In October SA has an opportunity to take a big step forward in its effort to escape the FATF greylist.
FATF stands for Financial Action Task Force, an institution created under the Group of 7 (G7) to combat international money laundering and, after 2001, terrorist financing. Last week a National Treasury team, including the alphabet soup of enforcement agencies — the Financial Sector Conduct Authority (FSCA), Financial Intelligence Centre (FIC), Companies and Intellectual Property Commission (CIPC) and the SA Reserve Bank (SARB) — met the FATF to discuss the progress it has made, aiming to assure the global body it is on track.
There is much hope that the FATF plenary in October will recognise that SA has made progress, though it will not yet give SA a full reprieve. We were put on the greylist in February when the global anti-money laundering watchdog decided SA had not done enough to comply with its anti-money- laundering recommendations. We will escape only in May 2025 at the earliest.
Greylisting means that global institutions have to apply “enhanced due diligence” when doing business with SA. Several have decided it is not worth the effort and cut off SA clients, while others added charges to cover the cost. Banks and other financial institutions face difficulties in managing relationships with global counterparts. It all adds frictional costs to SA’s engagement with the global financial system.
The government has been hard at work making the changes necessary to satisfy FATF requirements, a list of eight actions it must take to get in line.
Parliament has been a site of much action with two omnibus bills pushed through in late 2022 making myriad legislative changes. Companies now have to report all of their beneficial owners to the CIPC with annual returns; trusts have to declare their founders, trustees and beneficiaries to the masters’ officers; and nonprofits must register with the nonprofit directorate if they do work in other countries. These and other issues concern the “technical compliance” requirements of the FATF — a list of 40 recommendations for the laws and regulations countries must have in place to combat money laundering and terror financing.
In August SA submitted a report to the FATF on progress with these technical requirements, arguing that it now substantially meets the requirements. This report is wending its way through the peer countries for comment before it lands up at October’s FATF plenary for assessment. The hope is that the plenary accepts that good progress has been made and provides some kind of indication of that when it publishes its update on country performance after the meeting.
However, technical compliance is the easy test. The harder test is the effectiveness of the laws and regulations. This has long been recognised as SA’s weak point. The failure to deliver effective prosecutions for corruption, embarrassingly evident in the recent failed attempts to prosecute those linked to state capture, is the clearest indicator that our criminal justice system is not effective in policing and prosecuting white collar crime.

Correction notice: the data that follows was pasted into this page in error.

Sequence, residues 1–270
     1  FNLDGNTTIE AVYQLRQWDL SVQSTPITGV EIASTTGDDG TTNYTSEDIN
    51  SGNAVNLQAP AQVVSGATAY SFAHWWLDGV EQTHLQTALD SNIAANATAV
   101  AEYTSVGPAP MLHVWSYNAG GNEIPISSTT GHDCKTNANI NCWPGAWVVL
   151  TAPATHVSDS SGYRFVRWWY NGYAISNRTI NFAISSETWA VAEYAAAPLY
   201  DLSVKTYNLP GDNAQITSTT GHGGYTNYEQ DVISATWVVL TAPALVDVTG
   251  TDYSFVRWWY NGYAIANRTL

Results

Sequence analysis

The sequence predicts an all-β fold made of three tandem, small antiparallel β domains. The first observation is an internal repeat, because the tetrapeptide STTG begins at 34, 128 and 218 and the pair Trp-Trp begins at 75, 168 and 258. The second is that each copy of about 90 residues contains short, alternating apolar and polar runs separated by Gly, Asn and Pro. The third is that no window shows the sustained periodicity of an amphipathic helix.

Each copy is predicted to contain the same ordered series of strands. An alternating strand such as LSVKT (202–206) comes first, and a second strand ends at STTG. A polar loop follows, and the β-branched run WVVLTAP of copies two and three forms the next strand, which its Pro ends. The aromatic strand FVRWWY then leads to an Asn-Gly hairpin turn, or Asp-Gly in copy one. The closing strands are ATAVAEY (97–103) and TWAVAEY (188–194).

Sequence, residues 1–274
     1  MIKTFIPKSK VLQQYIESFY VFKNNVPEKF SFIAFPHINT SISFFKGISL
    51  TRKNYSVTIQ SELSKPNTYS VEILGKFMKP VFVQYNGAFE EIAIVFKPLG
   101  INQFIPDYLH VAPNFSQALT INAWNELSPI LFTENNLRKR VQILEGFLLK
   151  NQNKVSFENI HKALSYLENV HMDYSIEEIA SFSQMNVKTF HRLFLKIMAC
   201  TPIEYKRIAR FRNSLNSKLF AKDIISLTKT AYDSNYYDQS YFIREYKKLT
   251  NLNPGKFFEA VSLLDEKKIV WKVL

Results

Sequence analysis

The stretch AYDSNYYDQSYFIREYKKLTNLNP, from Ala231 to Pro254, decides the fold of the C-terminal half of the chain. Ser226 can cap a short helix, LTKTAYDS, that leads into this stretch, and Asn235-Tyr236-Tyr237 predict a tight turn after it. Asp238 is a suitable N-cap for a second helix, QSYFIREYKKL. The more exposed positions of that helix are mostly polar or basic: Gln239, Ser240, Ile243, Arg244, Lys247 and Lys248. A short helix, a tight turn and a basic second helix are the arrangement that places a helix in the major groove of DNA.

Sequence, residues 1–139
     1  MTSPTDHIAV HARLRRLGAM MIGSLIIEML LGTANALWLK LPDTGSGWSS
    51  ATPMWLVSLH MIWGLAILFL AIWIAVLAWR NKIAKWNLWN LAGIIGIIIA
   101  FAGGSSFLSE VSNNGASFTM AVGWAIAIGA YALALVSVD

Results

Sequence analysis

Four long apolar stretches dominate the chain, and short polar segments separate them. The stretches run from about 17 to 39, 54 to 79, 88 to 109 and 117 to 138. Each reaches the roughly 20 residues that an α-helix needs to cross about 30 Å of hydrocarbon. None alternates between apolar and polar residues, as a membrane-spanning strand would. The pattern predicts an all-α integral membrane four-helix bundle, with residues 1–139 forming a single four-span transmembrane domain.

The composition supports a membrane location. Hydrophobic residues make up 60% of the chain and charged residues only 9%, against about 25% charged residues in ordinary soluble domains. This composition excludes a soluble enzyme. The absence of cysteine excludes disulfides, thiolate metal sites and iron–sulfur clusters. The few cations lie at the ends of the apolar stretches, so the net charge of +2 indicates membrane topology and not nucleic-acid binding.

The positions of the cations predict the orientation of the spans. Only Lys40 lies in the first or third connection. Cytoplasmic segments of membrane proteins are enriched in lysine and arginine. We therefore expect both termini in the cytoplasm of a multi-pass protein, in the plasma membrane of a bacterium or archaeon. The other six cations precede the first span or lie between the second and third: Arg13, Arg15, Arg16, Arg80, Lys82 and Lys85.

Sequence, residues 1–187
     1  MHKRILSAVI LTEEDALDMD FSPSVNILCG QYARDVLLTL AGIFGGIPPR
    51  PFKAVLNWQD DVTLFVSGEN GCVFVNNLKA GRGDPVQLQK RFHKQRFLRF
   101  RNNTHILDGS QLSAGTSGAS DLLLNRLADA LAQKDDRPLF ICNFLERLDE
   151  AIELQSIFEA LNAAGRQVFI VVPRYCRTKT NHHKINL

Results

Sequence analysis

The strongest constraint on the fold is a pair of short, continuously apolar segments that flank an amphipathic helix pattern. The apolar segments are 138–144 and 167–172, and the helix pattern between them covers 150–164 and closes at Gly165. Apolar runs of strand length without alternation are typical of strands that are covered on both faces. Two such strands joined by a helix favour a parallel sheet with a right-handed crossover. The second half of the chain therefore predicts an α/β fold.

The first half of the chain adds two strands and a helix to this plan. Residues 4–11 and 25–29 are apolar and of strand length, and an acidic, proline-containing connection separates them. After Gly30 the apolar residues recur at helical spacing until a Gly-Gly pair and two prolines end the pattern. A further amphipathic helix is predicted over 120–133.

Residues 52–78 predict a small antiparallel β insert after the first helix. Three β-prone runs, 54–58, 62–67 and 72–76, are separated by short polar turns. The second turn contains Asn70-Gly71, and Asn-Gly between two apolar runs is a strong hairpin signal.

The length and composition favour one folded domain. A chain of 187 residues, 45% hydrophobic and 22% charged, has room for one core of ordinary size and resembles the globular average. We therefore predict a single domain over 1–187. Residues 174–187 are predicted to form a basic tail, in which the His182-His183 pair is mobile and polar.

The FATF has 11 “immediate outcomes” which it uses to test effectiveness and SA failed every one when last assessed. The truth is that no country gets full marks across all 11, so perfection is not required. But SA was deemed to be too far from the mark.
Much of the work needed is in the plumbing of the criminal justice system. While the CIPC now collects beneficial owners, are investigators able to easily obtain the information and use it in investigations? Do the investigating arms of government co-operate effectively with international law enforcement agencies, requesting assistance when useful to gather evidence?
Do our law enforcers effectively use financial intelligence gathered by the FIC? Much work has been going on behind the scenes to improve access, but more is needed. The CIPC, for instance, has only just begun to capture beneficial owners and will need a full year of annual returns to gather a database (and in all likelihood more time to chase companies for full compliance). How then will that database be accessed by law enforcement? We must wait and see.
Those elements, though, are relatively straightforward and can be achieved by getting systems in place and training people to use them. The harder effectiveness tests are whether SA is investigating and putting in jail those involved in money laundering and terror finance.
Again, much has been happening . The Hawks have been recruiting more investigators and there has been an effort by both industry and the public sector to train more investigators to deal with complex financial crime. But there is a sense that the old problems remain — these agencies were gutted under the Zuma regime, and they remain torn into factional rivalries and reticent to pursue investigations that may lead to conflict with powerful people.
There is still time to get the effectiveness measures right. The plenary that will consider progress is only in March 2025. There will be several check points between now and then at which SA will need to demonstrate progress, including a full peer review.
The FATF wording is that SA must “demonstrate a sustained increase in investigations and prosecutions” and given the low bar of the starting point, this may not be difficult in a technical sense. Whether the FATF accepts only minor progress, or rather expects prosecution levels appropriate to a country of our size and complexity is another matter.
Greylisting has been a blow to investor confidence in SA. October might just provide a glimmer of light that could contribute to shifting the trajectory.